Equal Partners
by Roland Ezri

Equal Partners by Roland Ezri

Equal Partners

By Roland Ezri

"Women are the backbone of all societies. They do a substantial part of the work, and play a major role in raising the future generation yet they are largely powerless. The decisions that count are made by men and foisted upon women."

Writings by Roland Ezri

The Second Exodus – Egypt – XXVIII. My Years at 12A Rue Khantaret Ghamra – Food (13 of 18)

The second option for my mother was to send the maid – if she could spare her – to buy the meat. The maid was not shy; she ensured that the butcher gave seti (ma’am) Flora exactly the meat she needed. The drawback was that the maid invariably “benefited” when she was purchasing anything for us. The meat cost could be $4.85, the maid would tell my mother that it was $5.60 and pocketed the difference. My mother knew that, and the servant knew that seti knew it.  It was an accepted practice among domestic help. They were making a pittance, and we understood that somehow they had to increase their income in order to survive.

Another practice was to request a bakshish (tip) if company was coming and they were asked to stay late.

Finally, you could buy shokok (on credit); you would run a tab with the grocery store, with the butcher, and so on. You would thus ensure that the help could not rip you off. Such practice, however, could backfire. He or she would simply quit for more “lucrative” employment.

My mother served small portions. It proved an invaluable legacy, for throughout my life, when I ate, I reached satiation fairly quickly.

In a society plagued by obesity, diabetes, and heart conditions, can you put a price on that?

But why did she served small portions? Firstly, as you’ve been informed, putting a meal together was no easy matter.

Second, the lack of refrigeration meant that she could not cook on a large scale; excess food could not be stored, therefore, she would have wasted time and money.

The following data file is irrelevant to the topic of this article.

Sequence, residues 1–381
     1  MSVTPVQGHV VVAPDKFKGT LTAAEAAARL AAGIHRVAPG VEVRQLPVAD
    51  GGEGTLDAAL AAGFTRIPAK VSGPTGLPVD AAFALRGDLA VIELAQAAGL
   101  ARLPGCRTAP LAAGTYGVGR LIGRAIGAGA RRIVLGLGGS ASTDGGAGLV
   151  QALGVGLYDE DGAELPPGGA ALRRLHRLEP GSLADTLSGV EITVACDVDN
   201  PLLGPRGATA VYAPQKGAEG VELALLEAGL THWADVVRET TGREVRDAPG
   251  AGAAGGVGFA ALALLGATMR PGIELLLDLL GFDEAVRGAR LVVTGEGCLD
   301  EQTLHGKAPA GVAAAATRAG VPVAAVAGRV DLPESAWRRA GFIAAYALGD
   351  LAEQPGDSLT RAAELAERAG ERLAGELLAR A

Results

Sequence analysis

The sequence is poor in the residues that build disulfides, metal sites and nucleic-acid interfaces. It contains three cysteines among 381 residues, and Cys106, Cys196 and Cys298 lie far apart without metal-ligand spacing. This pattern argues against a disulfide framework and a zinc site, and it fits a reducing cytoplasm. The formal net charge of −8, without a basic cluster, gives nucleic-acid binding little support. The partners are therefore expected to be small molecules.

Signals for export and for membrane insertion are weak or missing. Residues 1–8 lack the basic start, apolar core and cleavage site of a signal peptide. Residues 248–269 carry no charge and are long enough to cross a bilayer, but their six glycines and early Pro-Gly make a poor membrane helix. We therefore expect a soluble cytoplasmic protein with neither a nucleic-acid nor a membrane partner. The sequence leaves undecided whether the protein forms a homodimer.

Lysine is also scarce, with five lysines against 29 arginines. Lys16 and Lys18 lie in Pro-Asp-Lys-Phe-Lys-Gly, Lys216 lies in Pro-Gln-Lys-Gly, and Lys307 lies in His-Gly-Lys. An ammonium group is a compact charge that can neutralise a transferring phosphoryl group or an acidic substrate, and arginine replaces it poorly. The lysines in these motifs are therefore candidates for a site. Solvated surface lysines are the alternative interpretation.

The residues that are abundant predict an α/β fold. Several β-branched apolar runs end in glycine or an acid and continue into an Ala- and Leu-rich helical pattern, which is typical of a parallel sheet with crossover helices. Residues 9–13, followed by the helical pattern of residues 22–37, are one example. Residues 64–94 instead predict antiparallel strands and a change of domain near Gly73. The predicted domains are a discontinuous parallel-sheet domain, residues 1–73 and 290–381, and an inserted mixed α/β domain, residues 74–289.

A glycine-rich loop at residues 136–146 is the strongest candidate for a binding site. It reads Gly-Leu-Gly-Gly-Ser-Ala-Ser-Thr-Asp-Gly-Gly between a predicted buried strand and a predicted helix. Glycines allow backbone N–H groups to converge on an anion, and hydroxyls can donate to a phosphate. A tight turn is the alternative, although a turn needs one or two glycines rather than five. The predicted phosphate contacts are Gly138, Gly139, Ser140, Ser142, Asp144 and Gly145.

Finally, at times, she was cooking for 7 people; the four of us, my grandmother if she was in Cairo, the maid, and her son. The last maid we had stayed with us for 7 years (a record); one of the conditions of employment was that we were to provide her with a meal for her son. With so many people, my mother could not ladle big quantities of food on our plates. We could request and get seconds if my mother determined that there would be enough food for all of us. As well, there were other foodstuff if we were still hungry. Before I go any further, let me assure you that we did not go hungry! That would have been impossible in an Egyptian household!

Ultimately, we rarely ran out of cooked food. Indeed, on most nights, we called the janitor (he was responsible for the security of the building, cleaning, and running errands for the tenants, in exchange for a nice bakshish, of course) and gave him what was left. We were not the only tenant doing so. Therefore, he received far more food than he could eat. He ate a portion, and gave the rest to poor people inhabiting the area. He would later confide to my mother that her food didn’t go to the poor, but rather in his stomach! He wouldn’t dream of giving away such delicious food! I wish I could say that he was discreet about the whole thing, he wasn’t. Who in the building was a cordon bleu, and who was a lousy cook, was by no stretch of the imagination a well-kept secret!

A final point. I believe there was an intended health aspect behind my mother’s small portions. She was ahead of her time, and suspected that there was no virtue in eating beyond your needs.

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